Posts Tagged ‘Leaves of Grass’

Burroughs on Whitman

I have to agree with Burroughs’ assessment of Walt Whitman. When Burroughs’ writes, “The image of Walt Whitman seems generally to have in his mind is that of the Earth,” (36). We must understand that Whitman does not offer changes to readers; he merely describes the relationship between man and nature. “Collecting I traverse the garden of the world,” (149). I think it is interesting how Whitman uses the metaphor of a garden here. In one sense, he describes Earth as a commodity for the human race because gardens are typically located near a home. Whitman expresses his personal relationship and vision of the Earth rather than attempting to explain how to change what has already taken place. However, in an earlier passage Whitman writes, “I will plant companionship,” (148). This line might offer the reader some way to find harmony for living in nature. If Whitman traverses the earth “planting companionship”, he is not looking to destroy what nature has produced. Instead, he is looking for ways to involve himself in nature.

Burroughs also states, “He corrects this false, artificial Nature, and shows me the real article, that I hail his appearance as the most important literary event of our times,” (38). This is especially important to understand when we read Whitman. It is interesting how Whitman writes about nature outside of its intrinsic beauty. “Though probably every spear of grass rises out of what was once a catching disease,” 461). Granted, Whitman does combat the ugly side of nature with the growth of something new, but he uses the intense imagery of a “disease”. Whitman breaks free from the Romantics by ridding his poetry of the fabricated natural images. Instead, Whitman can show readers what can come of the “disease”. Burroughs assessment definitely has truth, but he cannot tell the reader how to interpret Whitman’s writings. The reader has to make up their own mind, but we have to understand that Whitman wrote about his personal relationship with nature.

Whitman, Walt. Leaves of Grass. “Death-Bed” Ch./Art: Excerpts p. 116-119, 148-150, 258-264, 27-5-282, 284-293, 459-462. pub. Random House 2001

Mazel, David (ed). A Century of Early Ecocriticism. Ch./Art Excerpt p. 26-47. pub. University of Georgia Press 2001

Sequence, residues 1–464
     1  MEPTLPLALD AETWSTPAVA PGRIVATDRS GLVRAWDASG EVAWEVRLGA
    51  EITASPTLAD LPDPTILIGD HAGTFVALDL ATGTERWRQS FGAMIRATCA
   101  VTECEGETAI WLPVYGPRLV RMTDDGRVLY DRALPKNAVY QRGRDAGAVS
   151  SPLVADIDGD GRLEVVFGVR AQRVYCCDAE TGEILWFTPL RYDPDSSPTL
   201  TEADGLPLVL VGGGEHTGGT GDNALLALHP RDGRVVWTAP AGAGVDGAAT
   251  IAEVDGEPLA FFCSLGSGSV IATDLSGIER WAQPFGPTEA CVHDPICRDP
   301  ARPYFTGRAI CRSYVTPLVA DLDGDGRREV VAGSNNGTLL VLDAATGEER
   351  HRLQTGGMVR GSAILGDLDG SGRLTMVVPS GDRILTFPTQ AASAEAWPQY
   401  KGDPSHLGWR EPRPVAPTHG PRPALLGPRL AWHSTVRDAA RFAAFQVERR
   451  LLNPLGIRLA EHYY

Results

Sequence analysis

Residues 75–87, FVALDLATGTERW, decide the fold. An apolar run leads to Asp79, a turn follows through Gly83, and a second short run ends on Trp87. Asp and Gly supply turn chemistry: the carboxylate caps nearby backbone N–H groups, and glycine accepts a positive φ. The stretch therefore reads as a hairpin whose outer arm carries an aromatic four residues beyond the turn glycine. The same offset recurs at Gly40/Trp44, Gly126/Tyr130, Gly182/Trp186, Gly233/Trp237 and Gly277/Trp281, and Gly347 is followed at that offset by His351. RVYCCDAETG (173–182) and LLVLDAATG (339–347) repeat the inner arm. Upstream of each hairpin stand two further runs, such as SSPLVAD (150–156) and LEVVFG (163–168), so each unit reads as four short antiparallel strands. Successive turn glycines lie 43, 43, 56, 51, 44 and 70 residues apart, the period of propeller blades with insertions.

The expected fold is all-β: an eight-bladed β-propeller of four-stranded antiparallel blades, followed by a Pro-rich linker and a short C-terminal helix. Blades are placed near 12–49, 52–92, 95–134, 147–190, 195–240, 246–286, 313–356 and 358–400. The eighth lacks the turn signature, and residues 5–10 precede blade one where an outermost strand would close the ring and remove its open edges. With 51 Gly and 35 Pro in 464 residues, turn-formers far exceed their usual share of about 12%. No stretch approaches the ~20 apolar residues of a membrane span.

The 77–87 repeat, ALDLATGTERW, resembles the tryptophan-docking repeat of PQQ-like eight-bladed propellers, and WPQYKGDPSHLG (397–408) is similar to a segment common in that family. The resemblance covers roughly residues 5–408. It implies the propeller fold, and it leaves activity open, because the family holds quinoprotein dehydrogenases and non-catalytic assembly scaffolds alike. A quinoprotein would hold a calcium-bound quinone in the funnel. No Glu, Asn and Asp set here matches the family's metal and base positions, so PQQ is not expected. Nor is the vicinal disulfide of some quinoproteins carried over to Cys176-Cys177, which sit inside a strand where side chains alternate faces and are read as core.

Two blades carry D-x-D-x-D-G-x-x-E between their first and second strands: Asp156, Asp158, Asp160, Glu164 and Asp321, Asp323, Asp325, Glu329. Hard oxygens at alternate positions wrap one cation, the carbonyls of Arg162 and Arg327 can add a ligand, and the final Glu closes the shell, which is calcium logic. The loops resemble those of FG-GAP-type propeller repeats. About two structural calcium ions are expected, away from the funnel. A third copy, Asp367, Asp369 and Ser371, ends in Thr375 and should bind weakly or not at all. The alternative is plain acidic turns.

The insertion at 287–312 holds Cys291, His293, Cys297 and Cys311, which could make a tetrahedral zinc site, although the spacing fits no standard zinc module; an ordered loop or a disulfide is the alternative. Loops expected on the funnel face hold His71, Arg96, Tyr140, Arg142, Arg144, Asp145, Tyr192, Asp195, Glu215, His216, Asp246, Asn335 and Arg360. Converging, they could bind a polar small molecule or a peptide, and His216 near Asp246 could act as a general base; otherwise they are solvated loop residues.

Advertisements

Whitman’s unrealistic social ideals

In reading Walt Whitman’s “Leaves of Grass,” I was especially intrigued by his ideals of community and equality as they were presented in his poetry. In “For You O Democracy” Whitman’s beliefs regarding these issues came through especially strongly. Whitman seemed to have very unrealistic ideals, especially for the time period, regarding women and other underrepresented minorities and their place in American society. In “For You O Democracy,” Whitman states: “I will plant companionship thick as trees along all the rivers of America… I will make inseparable cities with their arms about each other’s neck.” This statement brings to mind a society that is built on entirely equal footing; the reality of social prejudices based on race, gender, and religion are nowhere to be found. Furthermore, Whitman uses nature symbolisms to pull this idea together; as we have seen throughout this semester, nature is historically a subject of oppression. The image of a tree as the “glue” that holds a country together is one we have not seen depicted thus far throughout the semester and brings forth an interesting paradox. As Americans have been conditioned to view nature as something to conquer and use as they need it, these statements of nature as powerful and all-encompassing are meant to make readers rethink their habits and values.

Another area where Whitman deviates from the norm is in his discussion of gender and nature. Although throughout his poetry he describes nature as feminine and having an almost sexual appeal, in “To the Garden the World” Whitman says “By my side or back of me Eve following/ Or in front, and I following her just the same.” This reference to a female coupled with Whitman’s apparent indifference whether he is in charge or no leads me to believe that he held ideologies inconsistent with most of his male peers; he seems to view women as a group much more equally (albeit still quite sexually) than other men of his time.  Accordingly, in the aforementioned “For You O Democracy,” Whitman describes Democracy as both the “manly love of comrades” and “ma femme.” These contradictory labels, coupled with his incongruous descriptions of American society and equality, prove to me that Whitman was aiming to write poetry that would get his readers to rethink how they felt about oppressed groups; unfortunately, the contradictory aspects of much of his writing muddles his main arguments. The dichotomies between women being leaders, but also sexual beings, and an entirely equal democratic society as strong and masculine, but at the same time feminine, confuses the reader as to what Whitman’s ultimate goal is.

Whitman, Walt. Leaves of Grass. “Death-Bed” Ch./Art: Excerpts p. 116-119, 148-150, 258-264, 27-5-282, 284-293, 459-462. pub. Random House 2001